SEC. 21. Custody and Disposition of Confiscated, Seized and/or Surrendered Dangerous Drugs, Plant Sources of Dangerous Drugs, Controlled Precursors and Essential Chemicals, Instruments/Paraphernalia and/or Laboratory Equipment. — The PDEA shall take charge and have custody of all dangerous drugs, plant sources of dangerous drugs, controlled precursors and essential chemicals, as well as instruments/paraphernalia and/or laboratory equipment so confiscated, seized and/or surrendered, for proper disposition in the following manner:
(a) The apprehending officer/team having initial custody and control of the drugs shall, immediately after seizure and confiscation, physically inventory and photograph the same in the presence of the accused or the person/s from whom such items were confiscated and/or seized, or his/her representative or counsel, a representative from the media and the Department of Justice (DOJ), and any elected public official who shall be required to sign the copies of the inventory and be given a copy thereof: Provided, that the physical inventory and photograph shall be conducted at the place where the search warrant is served; or at the nearest police station or at the nearest office of the apprehending officer/team, whichever is practicable, in case of warrantless seizures; Provided, further, that non-compliance with these requirements under justifiable grounds, as long as the integrity and the evidentiary value of the seized items are properly preserved by the apprehending officer/team, shall not render void and invalid such seizures of and custody over said items[.]
In sum, the law requires that the seized drugs must be inventoried and photographed immediately after seizure and that the same must be conducted in the presence of the accused and three other witnesses, namely: (a) a representative from the media; (b) representative from the DOJ; and (c) an elected public official. In People v. Barte,22 the Court recognized the necessity of Section 21 of R.A. No. 9165 to curtail abuses in the conduct of anti-drug operations, to wit:
It is a matter of judicial notice that buy-bust operations are "susceptible to police abuse, the most notorious of which is its use as a tool for extortion." The high possibility of abuse was precisely the reason why the procedural safeguards embodied in Section 21 of R.A. No. 9165 have been put up as a means to minimize, if not eradicate such abuse. The procedural safeguards not only protect the innocent from abuse and violation of their rights but also guide the law enforcers on ensuring the integrity of the evidence to be presented in court.23 (Emphasis supplied; citation omitted)
The procedure outlined in Section 21 of R.A. No. 9165 fortifies the first two links in the chain of custody with the goal of making them foolproof against adulteration and planting of evidence.24 Particularly, the Court in People v. Mendoza,25 emphasized the importance of the presence of the required witnesses in the conduct of the marking and inventory of the seized drugs, to wit:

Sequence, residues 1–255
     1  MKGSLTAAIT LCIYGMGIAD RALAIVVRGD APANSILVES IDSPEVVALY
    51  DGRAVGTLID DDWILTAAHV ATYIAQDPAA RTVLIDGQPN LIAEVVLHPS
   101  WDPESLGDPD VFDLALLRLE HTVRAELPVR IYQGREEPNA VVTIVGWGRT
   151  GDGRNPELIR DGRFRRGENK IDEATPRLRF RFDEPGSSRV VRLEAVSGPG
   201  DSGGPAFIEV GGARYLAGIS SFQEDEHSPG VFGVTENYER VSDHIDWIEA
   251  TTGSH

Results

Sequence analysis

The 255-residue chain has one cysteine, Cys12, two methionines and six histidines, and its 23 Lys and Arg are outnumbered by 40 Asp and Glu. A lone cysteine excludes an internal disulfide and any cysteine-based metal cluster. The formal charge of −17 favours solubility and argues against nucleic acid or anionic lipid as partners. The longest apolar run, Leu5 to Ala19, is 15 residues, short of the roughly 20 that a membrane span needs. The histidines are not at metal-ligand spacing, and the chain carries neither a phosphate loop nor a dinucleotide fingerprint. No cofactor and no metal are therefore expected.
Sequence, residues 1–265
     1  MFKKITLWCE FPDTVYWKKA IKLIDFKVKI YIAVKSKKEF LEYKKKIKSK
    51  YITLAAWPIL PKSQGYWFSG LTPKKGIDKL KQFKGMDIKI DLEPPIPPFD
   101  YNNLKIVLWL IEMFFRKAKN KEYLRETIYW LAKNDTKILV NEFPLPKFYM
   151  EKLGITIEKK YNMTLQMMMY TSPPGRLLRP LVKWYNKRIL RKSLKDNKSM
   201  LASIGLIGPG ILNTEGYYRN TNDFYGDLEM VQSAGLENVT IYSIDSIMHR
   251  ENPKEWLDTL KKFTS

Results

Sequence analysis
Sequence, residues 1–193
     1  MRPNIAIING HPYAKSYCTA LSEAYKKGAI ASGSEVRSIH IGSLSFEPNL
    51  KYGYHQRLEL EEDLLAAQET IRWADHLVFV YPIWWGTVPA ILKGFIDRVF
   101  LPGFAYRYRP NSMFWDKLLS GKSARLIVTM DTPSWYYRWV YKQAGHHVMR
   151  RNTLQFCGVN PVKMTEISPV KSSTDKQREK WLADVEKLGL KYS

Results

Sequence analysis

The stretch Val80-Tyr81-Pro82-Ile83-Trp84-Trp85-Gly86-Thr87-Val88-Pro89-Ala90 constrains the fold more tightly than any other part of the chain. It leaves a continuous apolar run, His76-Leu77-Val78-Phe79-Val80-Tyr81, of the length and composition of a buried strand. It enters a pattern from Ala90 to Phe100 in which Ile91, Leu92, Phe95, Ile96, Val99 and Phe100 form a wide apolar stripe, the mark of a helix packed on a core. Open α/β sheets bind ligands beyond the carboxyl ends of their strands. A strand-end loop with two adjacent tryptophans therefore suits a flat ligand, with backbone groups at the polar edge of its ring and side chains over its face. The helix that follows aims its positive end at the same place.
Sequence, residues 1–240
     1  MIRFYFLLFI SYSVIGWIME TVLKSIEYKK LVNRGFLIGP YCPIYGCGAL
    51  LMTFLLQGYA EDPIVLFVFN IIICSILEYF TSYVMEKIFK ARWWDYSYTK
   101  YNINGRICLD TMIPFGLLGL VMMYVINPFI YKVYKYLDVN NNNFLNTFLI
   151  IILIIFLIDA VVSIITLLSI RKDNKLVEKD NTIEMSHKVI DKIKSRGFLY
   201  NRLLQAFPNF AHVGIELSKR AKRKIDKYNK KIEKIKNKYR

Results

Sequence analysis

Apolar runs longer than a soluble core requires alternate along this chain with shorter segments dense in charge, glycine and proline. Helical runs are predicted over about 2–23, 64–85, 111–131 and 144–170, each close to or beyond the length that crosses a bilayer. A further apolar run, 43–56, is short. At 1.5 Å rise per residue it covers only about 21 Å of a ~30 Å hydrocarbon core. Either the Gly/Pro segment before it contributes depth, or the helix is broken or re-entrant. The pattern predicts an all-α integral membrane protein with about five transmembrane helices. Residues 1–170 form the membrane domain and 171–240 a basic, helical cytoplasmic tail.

The consequences of the failure of the arresting lawmen to comply with the requirements of Section 21 (1), supra, were dire as far as the Prosecution was concerned. Without the insulating presence of the representative from the media or the Department of Justice, or any elected public official during the seizure and marking of the sachets of shabu, the evils of switching, "planting" or contamination of the evidence that had tainted the buy-busts conducted under the regime of RA No. 6425 (Dangerous Drugs Act of 1972) again reared their ugly heads as to negate the integrity and credibility of the seizure and confiscation of the sachets of shabu that were evidence herein of the corpus delicti, and thus adversely affected the trustworthiness of the incrimination of the accused. Indeed, the insulating presence of such witnesses would have preserved an unbroken chain of custody.26
The procedure set forth under Section 21 of R.A. No. 9165 serves a two-fold purpose. First, it protects individuals from unscrupulous members of the police force who are out to brandish the law on the innocent for personal gain or otherwise. Second, a faithful compliance of Section 21 of R.A. No. 9165 benefits the police and the entire justice system as it assures the public that the accused was convicted on the strength of uncompromised and unquestionable evidence. It dispels any thought that the case against the accused was merely fabricated by the authorities.

As narrated by the prosecution: the physical inventory was conducted in the barangay hall of Brgy. Pansol; the group thereafter proceeded to the Calamba Police Station; there, they called for the representatives from the media and the DOJ; and only a representative from the DOJ arrived. Thus, it is readily apparent that at the time the items seized from accused-appellants were physically inventoried, there were no representatives from both the DOJ and the media as the police only called for them after the inventory was conducted. The courts a quo, however, do not find such deviation from the prescribed procedure fatal, because the integrity and identity of the drugs seized were preserved.